What bothers me most about Kim Kardashian and her 72 days of marriage is that she believes she tried. Recently, she and her family were on a Barbara Walters special and it was like she had survived some significant ordeal.
Sorry Kim, you never even got out of the gate.
I just celebrated 25 years of marriage. I believe in commitment. Sure, comedians joke about the trap of marriage, that it is a life sentence, but the committed married folk know the truth; yes, marriage is work but it is worth reward.
Pop culture knuckleheads like the Kardashians should not be allowed to damage to that subtle truth, and the public backlash against her should remind Kim that she is more fad than institution; marriage will outlast her easily.
What lingers for me is Kim thinks she tried so hard. Maybe that suggests she just doesn’t know any better. Maybe the bar has been set so low for her regarding interpersonal relationships that 72 days did seem like a lifetime. But it is not. And those of us who have committed, who have been delighted by long nights of passion and have also worked through arguments and tension and coped with differences, we know what it really takes to grow to be better people together.
That’s where Kim made her mistake. She thought she knew what marriage is, but very publicly demonstrated that she didn’t have a clue. We married folk, those of us who have put in the time to make it work, we know the risks, we know the challenges, we know the difficulties, and we know the rewards. Most of all, we know Kim never got anywhere close to the knowledge we have, the truth we live by every day: marriage is love and lust and tensions and fighting, but not fighting against each other, fighting to forge a greater bond that is bigger than either side alone.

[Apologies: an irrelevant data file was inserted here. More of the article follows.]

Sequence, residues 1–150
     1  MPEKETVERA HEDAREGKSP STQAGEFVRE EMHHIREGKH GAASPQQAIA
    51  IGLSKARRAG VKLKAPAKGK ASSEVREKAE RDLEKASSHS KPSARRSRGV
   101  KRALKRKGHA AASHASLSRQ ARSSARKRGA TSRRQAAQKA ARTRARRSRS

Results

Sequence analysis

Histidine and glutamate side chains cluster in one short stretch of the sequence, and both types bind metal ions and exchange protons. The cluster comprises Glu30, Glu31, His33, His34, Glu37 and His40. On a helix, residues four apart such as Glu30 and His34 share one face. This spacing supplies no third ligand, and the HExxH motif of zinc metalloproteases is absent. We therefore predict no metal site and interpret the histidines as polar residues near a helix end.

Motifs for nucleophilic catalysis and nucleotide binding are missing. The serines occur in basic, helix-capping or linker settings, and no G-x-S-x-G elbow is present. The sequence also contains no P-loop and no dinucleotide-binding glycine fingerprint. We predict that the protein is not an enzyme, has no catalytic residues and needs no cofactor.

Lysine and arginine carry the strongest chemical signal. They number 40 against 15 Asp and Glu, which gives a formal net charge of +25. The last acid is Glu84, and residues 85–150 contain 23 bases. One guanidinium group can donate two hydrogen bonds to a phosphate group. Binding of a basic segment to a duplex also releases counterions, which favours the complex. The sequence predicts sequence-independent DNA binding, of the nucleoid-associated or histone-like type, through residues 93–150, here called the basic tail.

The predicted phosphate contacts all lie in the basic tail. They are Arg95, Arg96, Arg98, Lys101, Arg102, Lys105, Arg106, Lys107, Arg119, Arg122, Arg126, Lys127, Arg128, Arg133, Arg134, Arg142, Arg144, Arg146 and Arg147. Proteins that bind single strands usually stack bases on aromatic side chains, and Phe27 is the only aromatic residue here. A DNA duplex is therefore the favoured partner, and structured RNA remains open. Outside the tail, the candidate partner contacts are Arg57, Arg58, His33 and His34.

Seeing Kim would slight that effort, sneer at that hard-fought, well-earned bond is insulting. Sure she may have gotten a ratings boost after her “72 dat ordeal” but we married folk know she is misusing the concept of marriage. Like a child’s view of Christmas, she seems to think getting married is all attention and dress up and presents. That is such a dim view. And we can forgive her intellectual limitations on most aspects of her entertaining but ultimately ridiculous life. What we can’t forgive is disrespecting the area of our life that we hold so dear. Those of us who did the work, who grew together through sacrifice and love and communication and respect, who made a real effort to hold onto something sacred in an increasingly silly and diminished culture, we know her efforts at marriage were fake, her understanding of marriage was wrong, and her respect for the best part of our lives was appalling.
And we won’t forget.